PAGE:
On key business functions with 12 lecturers and consultants

In accordance with the goals of teams, that have already found their "product market fit", Start:up Initiative Slovenia in partnership with the most active stakeholders of the Slovenian startup ecosystem developed an intensive boot-camp just for them. It was concentrated to seven days - along with personal mentoring and working with teams - and included lectures by experienced experts, that covered all the key business functions in the early stages of startups: 
  • Aleš Špetič – managing the company and business metrics
  • Alenka Gorenčič in Sanja Savič – legal and tax aspects of expansion abroad and business abroad
  • Aleksandra Bohorč – entrepreneurial finances
  • Alenka Brozovič – accounting for startups
  • Tadej Černivec – key questions of intellectual property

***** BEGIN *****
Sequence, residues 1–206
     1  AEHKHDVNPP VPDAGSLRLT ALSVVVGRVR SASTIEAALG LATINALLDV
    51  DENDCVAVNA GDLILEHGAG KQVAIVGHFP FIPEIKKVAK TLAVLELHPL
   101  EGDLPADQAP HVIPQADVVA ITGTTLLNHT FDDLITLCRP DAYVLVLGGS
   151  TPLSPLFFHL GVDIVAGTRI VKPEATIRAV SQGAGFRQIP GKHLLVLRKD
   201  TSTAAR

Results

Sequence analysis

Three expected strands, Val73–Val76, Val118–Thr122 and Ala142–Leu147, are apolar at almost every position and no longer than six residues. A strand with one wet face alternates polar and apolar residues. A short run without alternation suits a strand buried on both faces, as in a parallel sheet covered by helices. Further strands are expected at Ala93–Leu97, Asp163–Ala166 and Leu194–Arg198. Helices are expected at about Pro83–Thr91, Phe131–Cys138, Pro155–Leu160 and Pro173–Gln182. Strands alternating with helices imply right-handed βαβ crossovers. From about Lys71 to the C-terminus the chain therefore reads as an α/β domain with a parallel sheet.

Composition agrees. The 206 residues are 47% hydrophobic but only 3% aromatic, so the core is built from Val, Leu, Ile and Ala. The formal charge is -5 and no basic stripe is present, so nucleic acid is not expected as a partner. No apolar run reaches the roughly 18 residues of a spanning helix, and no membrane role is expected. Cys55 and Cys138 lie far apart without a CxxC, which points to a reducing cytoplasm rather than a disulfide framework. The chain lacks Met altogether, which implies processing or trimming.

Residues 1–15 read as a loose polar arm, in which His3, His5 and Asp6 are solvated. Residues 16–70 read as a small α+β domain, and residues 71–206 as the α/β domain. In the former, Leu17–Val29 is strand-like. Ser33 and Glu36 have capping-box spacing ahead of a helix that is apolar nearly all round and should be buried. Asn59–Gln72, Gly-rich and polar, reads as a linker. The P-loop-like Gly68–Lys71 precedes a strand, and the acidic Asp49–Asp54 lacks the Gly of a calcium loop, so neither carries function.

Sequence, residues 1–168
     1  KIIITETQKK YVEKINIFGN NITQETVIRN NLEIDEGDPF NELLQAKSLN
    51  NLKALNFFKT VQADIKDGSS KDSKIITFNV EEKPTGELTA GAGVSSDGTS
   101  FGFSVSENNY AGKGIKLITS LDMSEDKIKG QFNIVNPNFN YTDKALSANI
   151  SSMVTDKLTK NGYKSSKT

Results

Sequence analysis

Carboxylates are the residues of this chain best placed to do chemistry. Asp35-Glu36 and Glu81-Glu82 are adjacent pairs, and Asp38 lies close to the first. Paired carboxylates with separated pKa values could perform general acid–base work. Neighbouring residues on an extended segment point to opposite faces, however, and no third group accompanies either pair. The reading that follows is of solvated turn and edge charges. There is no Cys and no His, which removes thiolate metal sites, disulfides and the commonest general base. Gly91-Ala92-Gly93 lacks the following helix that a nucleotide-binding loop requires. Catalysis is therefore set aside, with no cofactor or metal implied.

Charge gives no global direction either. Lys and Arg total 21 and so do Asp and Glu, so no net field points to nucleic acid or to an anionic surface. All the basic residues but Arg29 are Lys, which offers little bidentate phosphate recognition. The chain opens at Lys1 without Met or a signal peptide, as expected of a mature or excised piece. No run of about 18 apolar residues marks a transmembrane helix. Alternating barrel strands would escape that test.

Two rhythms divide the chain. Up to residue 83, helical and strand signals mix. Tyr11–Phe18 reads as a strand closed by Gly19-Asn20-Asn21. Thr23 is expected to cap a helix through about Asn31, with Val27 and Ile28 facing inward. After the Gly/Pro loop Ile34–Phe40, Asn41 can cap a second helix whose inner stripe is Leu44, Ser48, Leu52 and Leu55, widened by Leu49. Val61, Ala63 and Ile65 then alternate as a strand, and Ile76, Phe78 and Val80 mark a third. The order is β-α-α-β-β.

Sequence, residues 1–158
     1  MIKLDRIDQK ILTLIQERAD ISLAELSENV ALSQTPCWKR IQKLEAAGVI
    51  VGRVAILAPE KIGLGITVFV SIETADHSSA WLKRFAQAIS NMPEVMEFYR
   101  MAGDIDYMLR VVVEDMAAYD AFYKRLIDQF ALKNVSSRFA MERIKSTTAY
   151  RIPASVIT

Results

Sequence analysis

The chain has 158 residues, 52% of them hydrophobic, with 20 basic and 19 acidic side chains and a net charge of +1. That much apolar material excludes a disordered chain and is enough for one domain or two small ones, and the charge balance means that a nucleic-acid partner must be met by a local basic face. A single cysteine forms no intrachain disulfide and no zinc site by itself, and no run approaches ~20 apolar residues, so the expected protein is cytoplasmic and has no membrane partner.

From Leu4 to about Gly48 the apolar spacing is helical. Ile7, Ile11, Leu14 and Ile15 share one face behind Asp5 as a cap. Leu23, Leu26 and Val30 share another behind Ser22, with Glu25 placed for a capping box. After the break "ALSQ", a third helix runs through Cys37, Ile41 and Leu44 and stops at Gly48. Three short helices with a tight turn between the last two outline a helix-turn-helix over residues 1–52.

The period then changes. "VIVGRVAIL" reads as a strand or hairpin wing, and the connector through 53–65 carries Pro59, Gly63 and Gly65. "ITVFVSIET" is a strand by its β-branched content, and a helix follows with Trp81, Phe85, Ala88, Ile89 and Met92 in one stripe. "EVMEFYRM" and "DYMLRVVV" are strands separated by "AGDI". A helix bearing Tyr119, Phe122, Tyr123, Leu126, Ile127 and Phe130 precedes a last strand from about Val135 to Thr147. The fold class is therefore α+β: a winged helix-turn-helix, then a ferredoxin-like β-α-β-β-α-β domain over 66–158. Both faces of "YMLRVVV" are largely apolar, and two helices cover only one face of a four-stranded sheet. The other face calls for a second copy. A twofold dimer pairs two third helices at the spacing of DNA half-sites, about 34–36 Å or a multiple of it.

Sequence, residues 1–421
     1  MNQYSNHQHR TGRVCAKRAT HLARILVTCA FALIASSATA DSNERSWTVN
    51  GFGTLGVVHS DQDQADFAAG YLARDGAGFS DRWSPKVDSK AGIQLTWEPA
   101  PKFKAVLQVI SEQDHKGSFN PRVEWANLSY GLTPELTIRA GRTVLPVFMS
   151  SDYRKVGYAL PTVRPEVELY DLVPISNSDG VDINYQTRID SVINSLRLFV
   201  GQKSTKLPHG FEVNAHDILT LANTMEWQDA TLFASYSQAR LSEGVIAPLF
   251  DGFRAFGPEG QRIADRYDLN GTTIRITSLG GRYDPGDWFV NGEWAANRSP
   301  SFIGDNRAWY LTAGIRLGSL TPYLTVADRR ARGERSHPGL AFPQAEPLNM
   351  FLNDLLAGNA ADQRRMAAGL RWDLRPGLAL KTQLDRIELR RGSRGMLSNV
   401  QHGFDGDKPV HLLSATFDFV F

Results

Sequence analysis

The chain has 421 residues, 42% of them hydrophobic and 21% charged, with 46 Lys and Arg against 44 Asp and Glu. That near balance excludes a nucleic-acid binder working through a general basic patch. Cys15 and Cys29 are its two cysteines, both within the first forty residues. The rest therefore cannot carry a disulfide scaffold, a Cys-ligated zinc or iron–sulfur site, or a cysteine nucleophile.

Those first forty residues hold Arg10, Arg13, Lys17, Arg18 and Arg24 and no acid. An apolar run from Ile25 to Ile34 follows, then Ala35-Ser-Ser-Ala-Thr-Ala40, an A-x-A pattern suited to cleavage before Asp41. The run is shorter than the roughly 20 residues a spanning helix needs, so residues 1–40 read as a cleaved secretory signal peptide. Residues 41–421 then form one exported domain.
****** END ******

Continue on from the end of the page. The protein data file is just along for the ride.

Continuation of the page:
• Nika Sebič Koračin – building and managing a startup team 
  • Kristjan Pečanac – business metrics
  • Matija Jamnik – frequent legal questions
  • Andrej Guštin – establishing key processes
  • Andraž Štalec – online sales and marketing
  • Matt Mayfield – building an international sales network and sales process
  • Matjaž Slak – direct sales

#1: if the team occasionally gets into disagreements, there's nothing wrong!

As Aleš Špetič, a known Slovenian startup mentor, as well as co-founder of Zemanta and CubeSensors, emphasized in his lecture, we can summarize tips for managing a startup and business metrics in these key thoughts of wisdom. Firstly, entrepreneurs have to know what they are selling, what need are they satisfying and who the target demographic is. Furthermore, entrepreneurs often say that sales aren't going well. This isn't because they aren't working enough, but instead because the product doesn't sell. You should create and have products that people want and then just develop them further to capitalize on that need. In addition, when hiring, you should watch out that you never work together with people who think the exact same way as you do. It is also healthy if you get along well with your coworkers, but also that you have a few arguments during the day because of different opinions, as this helps propel the company forward, the most. 

#2: entering foreign markets is a marathon